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Morgan Stanley raises its oil price forecast, warns US shale may struggle to meet demand

  • Morgan Stanley raised its price targets on oil by $7 to $9 per barrel.
  • The market will need more U.S. shale oil because OPEC and other exporters are capping their output.
  • But a shortage of fracking crews and equipment is creating bottlenecks in U.S. shale fields, while drillers are focusing on financial discipline.
Workers with Raven Drilling line up pipe while drilling for oil in the Bakken shale formation outside Watford City, North Dakota.
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Morgan Stanley has raised its forecast for oil prices through 2020, saying the world is hungry for more U.S. shale crude at a time when it's uncertain American drillers can deliver it.

The bank now sees international benchmark Brent crude fetching $62 a barrel in the final quarter of the year, up from an earlier estimate of $55. U.S. West Texas Intermediate crude is poised to average $56 for the quarter, up from Morgan Stanley's prior $48 call.

By the second quarter of 2018, Morgan Stanley forecasts Brent will average $63 and WTI will trade at $58 a barrel.

Demand for oil is growing at a surprisingly high rate, leading to a rapid drop in U.S. crude inventories, Morgan Stanley says. At the same time, OPEC and other oil exporters including Russia are likely to extend a deal to keep 1.8 million barrels off the market through next year.

Outside of OPEC, there is little growth in oil supplies, with the exception of the United States, where drillers can quickly tap shale wells, the bank notes. But even in the U.S. Lower 48, the number of rigs operating in oilfields has been falling.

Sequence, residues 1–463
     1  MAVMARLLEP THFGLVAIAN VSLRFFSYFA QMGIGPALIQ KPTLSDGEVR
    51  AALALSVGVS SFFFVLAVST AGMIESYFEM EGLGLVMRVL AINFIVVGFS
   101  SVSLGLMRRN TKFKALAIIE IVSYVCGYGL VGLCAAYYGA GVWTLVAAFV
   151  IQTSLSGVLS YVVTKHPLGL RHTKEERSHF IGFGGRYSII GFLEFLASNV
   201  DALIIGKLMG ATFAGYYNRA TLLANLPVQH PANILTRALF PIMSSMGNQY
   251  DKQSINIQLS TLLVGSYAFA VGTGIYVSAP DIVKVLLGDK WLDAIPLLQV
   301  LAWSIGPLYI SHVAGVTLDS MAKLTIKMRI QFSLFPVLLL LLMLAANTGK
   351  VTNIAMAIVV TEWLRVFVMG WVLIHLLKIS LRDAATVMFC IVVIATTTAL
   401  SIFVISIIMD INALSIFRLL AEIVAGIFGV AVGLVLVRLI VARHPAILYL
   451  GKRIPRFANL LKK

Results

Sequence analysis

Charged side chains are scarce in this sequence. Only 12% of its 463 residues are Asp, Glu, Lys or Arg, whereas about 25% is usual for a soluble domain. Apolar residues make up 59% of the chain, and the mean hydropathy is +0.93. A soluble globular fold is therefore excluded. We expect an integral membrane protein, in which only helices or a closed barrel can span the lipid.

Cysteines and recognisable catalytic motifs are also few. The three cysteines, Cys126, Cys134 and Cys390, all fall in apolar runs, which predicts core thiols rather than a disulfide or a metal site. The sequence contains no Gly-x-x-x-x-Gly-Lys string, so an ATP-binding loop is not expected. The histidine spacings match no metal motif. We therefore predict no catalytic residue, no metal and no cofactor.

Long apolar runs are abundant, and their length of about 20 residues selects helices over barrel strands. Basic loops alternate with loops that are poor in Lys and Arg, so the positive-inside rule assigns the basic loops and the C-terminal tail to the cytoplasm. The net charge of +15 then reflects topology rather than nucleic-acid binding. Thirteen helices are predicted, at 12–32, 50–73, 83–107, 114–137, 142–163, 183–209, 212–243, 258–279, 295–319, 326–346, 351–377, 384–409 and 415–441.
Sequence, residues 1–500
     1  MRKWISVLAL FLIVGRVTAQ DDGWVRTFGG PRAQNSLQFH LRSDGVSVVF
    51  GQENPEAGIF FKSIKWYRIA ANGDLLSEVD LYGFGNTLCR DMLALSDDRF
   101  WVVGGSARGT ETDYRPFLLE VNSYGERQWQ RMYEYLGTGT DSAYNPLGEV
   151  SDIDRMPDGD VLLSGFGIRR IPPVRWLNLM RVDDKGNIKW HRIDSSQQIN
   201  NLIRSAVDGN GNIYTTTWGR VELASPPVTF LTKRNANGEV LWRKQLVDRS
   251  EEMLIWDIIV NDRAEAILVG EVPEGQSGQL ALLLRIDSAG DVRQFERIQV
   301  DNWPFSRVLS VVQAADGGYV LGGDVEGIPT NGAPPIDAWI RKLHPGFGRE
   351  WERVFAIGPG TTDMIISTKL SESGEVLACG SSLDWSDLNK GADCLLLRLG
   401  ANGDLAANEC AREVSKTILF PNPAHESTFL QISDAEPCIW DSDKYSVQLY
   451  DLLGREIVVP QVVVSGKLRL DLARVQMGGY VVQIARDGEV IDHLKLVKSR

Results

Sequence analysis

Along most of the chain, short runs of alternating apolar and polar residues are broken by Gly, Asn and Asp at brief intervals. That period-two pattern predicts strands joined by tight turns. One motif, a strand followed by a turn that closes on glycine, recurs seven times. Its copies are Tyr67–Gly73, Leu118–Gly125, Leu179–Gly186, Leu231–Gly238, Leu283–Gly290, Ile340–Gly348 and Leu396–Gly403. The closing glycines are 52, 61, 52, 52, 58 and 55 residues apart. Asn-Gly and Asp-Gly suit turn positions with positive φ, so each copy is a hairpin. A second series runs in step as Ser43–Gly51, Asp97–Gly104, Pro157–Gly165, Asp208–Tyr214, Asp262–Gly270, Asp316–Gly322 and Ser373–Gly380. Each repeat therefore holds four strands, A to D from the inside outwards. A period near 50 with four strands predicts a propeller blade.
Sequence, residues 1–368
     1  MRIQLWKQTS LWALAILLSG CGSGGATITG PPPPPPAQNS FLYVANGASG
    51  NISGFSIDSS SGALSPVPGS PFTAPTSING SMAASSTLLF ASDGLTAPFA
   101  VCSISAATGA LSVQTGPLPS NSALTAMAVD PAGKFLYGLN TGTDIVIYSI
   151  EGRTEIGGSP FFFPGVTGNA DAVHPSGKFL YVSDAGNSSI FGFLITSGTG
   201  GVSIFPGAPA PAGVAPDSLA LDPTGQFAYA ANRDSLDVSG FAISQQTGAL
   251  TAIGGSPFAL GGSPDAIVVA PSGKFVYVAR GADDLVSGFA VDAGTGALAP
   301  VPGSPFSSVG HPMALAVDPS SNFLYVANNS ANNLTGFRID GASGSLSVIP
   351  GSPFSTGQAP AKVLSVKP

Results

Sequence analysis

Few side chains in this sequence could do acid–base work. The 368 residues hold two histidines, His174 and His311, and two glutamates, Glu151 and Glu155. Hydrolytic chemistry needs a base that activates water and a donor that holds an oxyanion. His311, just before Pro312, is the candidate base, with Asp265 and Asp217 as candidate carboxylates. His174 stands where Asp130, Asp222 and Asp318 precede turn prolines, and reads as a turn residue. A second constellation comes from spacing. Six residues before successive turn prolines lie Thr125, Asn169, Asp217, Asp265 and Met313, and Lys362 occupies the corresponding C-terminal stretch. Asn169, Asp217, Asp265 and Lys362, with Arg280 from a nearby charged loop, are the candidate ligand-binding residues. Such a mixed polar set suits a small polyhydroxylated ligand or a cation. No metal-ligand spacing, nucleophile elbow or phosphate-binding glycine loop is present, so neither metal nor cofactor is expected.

To balance the market, U.S. shale drillers will have to grow production from about 5.9 million barrels a day this year to 7 million barrels a day in 2018, more than previously thought, Morgan Stanley analysts conclude. That would require drillers to start standing up 8 to 10 new rigs each month, but the analysts are uncertain that will happen.

"Right when the world's reliance on shale is growing, its limits are starting to become apparent, and there seem to be two aspects to this: ability and willingness," they wrote in a research note on Monday.

Companies say bottlenecks are forming because they cannot book the crews and equipment needed to carry out hydraulic fracturing, the process of injecting water, minerals and chemicals underground to break up shale rock formations and allow oil and gas to flow to the wellhead. Costs for oilfield services are also rising.

At the same time, exploration and production companies are reining in production growth in order to put their finances in order. Drillers may be reluctant to dive deeper into the red to fund growth at a time when investors are asking for financial discipline.